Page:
Evil Sister II: Bound by Blood 2001 Horror Movie Review
Horror movies Review
Evil Sister II: Bound by Blood (Brett Sykes, 2001)
How much does the reviewer’s state of mind have to do with the final tenor of a review? The more I think about Evil Sister II: Bound by Blood, the more major a component I think it is; the movie, which has twenty-one votes on IMDB as I write this, is almost universally loathed (except, oddly, by women aged 30-44, who give it an average rating of 8). And many of the things said about it in reviews there are, in fact, spot on. And yet still I found myself looking at the parts of the movie where it really worked and liking it a great deal more than everyone else seems to have. Except those three not-quite-middle-aged women who enjoyed it so much, of course.
Heather Branch plays both Lorna, a serial killer with a dark past, and Tam, the sister who, along with their father Frank (Joe Hagerty), is on her trail. Tam and Lorna have a kind of psychic connection, and Tam has dreams of Lorna’s current whereabouts, enabling the two of them to follow. Right from the start, you’ll note some disturbances in the family dynamic (that make the Big Reveal here all too predictable, the movie’s biggest failing), but really, when one of your daughters is a naked serial killer and you keep the other handcuffed to the bed at night, you probably have greater problems than your ability to bond. Things get delineated as Frank and Tam cross ways with an itinerant fortune teller and a thug named Widow.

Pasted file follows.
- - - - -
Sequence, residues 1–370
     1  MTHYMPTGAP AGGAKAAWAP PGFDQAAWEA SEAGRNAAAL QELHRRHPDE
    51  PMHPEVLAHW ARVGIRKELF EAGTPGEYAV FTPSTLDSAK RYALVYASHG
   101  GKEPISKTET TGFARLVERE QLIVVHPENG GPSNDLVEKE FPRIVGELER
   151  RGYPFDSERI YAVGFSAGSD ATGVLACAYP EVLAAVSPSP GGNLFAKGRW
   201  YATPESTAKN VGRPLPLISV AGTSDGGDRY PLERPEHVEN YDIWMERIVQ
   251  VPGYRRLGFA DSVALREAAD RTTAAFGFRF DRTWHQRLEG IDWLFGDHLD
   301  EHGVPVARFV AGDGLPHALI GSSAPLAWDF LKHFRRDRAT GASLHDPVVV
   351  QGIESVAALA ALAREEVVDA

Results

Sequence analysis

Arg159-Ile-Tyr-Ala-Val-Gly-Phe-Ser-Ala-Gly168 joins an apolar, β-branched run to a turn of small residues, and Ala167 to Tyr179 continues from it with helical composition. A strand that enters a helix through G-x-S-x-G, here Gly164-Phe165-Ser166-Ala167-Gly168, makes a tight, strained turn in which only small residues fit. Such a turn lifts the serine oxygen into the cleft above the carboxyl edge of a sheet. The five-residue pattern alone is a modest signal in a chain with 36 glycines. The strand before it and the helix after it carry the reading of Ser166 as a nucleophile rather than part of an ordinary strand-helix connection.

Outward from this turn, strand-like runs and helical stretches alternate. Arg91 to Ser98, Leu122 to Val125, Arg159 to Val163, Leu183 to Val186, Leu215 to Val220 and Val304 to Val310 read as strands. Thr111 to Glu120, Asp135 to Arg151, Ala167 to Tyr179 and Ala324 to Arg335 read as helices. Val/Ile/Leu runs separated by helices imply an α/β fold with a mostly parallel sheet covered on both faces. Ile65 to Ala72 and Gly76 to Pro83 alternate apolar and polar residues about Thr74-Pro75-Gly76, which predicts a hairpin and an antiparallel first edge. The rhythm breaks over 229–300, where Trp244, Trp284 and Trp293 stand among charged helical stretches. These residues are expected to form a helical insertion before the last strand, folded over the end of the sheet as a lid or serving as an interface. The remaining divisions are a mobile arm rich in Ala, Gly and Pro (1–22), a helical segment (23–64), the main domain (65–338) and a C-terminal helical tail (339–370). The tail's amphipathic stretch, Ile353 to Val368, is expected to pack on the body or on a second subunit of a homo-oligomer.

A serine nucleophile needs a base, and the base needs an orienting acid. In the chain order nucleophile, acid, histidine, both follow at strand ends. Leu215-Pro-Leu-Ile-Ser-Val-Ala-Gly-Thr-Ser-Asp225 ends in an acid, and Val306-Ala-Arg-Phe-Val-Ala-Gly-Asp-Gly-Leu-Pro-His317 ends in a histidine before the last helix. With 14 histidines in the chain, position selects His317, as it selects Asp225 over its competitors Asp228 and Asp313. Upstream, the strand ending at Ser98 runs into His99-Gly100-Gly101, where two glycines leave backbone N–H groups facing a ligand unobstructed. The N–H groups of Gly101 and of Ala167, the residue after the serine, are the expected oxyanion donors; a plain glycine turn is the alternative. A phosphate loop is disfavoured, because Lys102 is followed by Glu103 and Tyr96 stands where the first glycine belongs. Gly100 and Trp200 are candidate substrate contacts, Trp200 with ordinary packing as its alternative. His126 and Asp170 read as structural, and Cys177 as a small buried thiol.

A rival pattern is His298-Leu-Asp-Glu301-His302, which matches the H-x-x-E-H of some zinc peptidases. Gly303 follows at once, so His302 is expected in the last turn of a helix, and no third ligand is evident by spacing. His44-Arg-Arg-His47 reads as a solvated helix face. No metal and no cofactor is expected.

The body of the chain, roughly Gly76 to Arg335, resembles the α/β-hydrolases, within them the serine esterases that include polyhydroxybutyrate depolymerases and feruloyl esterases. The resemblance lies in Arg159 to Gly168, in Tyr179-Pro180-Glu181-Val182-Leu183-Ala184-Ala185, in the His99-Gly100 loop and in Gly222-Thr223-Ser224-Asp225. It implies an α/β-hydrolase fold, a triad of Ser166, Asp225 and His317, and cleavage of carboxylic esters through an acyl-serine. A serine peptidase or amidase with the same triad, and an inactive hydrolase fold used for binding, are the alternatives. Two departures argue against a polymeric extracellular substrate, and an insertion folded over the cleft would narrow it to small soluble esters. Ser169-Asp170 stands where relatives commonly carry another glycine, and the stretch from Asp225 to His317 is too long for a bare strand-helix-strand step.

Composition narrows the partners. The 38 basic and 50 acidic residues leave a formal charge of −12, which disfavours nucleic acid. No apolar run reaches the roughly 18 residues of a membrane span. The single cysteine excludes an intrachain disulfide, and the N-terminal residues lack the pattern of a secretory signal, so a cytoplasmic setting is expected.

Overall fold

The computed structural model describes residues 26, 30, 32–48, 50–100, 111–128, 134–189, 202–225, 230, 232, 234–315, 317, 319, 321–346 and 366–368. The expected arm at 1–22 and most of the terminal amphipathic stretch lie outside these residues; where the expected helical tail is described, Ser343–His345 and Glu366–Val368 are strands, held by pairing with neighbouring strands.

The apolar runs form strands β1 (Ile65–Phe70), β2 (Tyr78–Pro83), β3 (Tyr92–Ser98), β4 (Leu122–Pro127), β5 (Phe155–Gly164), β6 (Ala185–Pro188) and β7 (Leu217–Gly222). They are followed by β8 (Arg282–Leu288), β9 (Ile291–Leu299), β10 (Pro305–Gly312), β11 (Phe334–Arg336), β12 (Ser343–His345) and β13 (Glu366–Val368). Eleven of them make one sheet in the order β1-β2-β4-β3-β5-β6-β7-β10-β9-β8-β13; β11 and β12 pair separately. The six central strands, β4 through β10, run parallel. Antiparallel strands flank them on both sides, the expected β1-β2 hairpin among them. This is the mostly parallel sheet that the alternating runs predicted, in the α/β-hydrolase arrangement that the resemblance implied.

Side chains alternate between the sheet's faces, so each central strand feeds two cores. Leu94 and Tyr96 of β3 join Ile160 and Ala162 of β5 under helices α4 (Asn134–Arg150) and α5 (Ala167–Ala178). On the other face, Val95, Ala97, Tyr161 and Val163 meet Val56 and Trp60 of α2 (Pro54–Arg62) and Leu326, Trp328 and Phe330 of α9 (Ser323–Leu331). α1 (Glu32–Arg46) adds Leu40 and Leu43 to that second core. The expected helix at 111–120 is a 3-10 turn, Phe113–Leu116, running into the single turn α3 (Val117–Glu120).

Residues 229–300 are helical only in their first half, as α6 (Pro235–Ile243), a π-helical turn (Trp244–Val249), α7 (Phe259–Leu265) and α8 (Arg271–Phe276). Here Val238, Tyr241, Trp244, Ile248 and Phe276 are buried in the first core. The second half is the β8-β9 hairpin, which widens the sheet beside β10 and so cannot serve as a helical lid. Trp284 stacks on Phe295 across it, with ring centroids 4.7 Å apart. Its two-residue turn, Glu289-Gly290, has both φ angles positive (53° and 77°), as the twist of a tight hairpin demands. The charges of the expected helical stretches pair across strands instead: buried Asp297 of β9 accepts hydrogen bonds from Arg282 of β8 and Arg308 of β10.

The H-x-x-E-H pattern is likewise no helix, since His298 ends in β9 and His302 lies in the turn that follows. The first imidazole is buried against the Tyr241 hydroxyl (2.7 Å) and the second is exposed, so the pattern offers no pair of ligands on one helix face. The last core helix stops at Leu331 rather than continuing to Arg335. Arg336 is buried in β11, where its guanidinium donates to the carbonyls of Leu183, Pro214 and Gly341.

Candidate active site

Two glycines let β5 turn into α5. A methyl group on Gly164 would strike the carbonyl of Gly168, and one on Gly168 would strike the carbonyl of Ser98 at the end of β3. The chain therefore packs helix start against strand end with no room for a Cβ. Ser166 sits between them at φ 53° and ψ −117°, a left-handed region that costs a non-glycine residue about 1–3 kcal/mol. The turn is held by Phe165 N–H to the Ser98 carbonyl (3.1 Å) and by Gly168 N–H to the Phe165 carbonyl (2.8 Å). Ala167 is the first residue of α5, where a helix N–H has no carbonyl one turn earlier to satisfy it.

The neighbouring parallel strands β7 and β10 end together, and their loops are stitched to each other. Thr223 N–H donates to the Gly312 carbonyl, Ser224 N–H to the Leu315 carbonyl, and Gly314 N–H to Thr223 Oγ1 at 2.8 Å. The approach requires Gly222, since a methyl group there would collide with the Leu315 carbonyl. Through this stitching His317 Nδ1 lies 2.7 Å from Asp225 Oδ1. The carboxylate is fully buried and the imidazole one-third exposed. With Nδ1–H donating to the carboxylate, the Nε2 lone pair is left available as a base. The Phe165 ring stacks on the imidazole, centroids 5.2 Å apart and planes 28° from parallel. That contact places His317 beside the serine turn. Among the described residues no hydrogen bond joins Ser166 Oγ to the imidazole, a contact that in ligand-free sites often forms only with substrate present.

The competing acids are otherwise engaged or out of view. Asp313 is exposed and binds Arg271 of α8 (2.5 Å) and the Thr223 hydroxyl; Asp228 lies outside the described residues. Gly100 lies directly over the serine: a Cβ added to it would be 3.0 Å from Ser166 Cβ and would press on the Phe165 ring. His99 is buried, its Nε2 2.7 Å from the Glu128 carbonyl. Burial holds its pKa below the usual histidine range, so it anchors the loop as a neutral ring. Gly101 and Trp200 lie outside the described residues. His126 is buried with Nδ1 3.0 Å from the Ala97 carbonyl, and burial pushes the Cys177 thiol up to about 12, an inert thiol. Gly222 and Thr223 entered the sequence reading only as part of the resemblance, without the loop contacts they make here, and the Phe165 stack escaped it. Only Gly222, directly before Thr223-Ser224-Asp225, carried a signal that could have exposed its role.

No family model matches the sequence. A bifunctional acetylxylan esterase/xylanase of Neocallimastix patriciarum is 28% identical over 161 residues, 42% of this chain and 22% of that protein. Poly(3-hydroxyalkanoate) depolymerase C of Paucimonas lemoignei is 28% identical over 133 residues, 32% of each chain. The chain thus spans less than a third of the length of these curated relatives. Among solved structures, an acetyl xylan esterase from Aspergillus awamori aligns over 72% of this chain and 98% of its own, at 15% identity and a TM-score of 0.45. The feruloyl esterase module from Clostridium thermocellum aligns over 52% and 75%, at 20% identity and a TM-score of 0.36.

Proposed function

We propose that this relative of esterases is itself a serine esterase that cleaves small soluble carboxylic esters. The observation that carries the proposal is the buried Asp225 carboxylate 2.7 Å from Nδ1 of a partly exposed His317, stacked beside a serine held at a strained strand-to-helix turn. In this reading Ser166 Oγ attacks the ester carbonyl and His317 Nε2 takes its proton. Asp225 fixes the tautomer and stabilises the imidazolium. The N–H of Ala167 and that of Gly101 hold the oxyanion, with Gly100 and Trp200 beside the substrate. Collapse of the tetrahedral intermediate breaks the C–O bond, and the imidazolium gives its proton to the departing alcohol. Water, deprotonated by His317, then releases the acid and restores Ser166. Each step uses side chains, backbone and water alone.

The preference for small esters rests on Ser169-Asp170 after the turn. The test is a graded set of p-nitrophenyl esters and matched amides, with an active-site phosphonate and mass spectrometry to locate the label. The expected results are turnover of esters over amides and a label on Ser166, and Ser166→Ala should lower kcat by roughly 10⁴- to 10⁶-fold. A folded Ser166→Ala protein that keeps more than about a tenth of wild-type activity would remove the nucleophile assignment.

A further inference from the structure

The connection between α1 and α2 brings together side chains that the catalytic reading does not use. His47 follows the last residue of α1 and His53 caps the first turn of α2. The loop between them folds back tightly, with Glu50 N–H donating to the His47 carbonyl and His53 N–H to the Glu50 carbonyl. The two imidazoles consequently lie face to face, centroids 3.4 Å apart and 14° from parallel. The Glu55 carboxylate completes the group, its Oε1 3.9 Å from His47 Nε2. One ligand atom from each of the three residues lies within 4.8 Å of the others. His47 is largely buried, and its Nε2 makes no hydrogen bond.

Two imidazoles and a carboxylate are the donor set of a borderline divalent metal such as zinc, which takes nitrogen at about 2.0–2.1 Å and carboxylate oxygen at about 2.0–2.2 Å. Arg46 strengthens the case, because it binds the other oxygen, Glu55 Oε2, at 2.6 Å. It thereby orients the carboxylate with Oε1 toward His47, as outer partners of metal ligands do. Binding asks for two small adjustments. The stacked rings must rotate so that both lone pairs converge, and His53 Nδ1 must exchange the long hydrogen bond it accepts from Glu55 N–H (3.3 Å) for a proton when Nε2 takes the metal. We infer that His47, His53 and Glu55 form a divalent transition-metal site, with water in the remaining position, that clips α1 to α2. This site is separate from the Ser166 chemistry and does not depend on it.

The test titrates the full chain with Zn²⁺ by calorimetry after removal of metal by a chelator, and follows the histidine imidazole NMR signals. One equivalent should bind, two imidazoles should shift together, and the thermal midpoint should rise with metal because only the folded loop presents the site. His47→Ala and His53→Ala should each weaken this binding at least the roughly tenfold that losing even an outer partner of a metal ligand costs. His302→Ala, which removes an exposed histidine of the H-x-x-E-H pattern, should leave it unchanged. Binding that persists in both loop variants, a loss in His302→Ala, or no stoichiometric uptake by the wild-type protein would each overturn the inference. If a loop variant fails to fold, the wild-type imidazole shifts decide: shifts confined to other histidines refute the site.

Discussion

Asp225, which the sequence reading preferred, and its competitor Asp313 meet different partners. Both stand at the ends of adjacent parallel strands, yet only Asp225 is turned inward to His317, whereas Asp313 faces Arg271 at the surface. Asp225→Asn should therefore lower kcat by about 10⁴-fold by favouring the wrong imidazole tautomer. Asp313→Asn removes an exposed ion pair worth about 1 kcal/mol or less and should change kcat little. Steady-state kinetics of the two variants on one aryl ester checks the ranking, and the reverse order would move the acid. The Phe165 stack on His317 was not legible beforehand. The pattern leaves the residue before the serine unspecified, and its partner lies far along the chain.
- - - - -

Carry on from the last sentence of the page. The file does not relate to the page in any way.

On the Joe Bob scale of blood, breasts, and beasts, this one ranks at zero in the beasts category, unless you use a liberal interpretation on Lorna, but scores exceptionally high marks in the other two. The acting, while a bit overdone at times (especially by Hagerty), is surprisingly competent for a movie of this type, and Sykes’ directorial style couples very well with Dave Smith’s harsh desert cinematography. (I was reminded more than once of Dust Devil, Richard Stanley’s all-too-underrated killer-in-the-desert flick.) Yes, it’s an amateur production, but focus on the good things in it rather than the bad and you’ll be well rewarded for your efforts. *** ½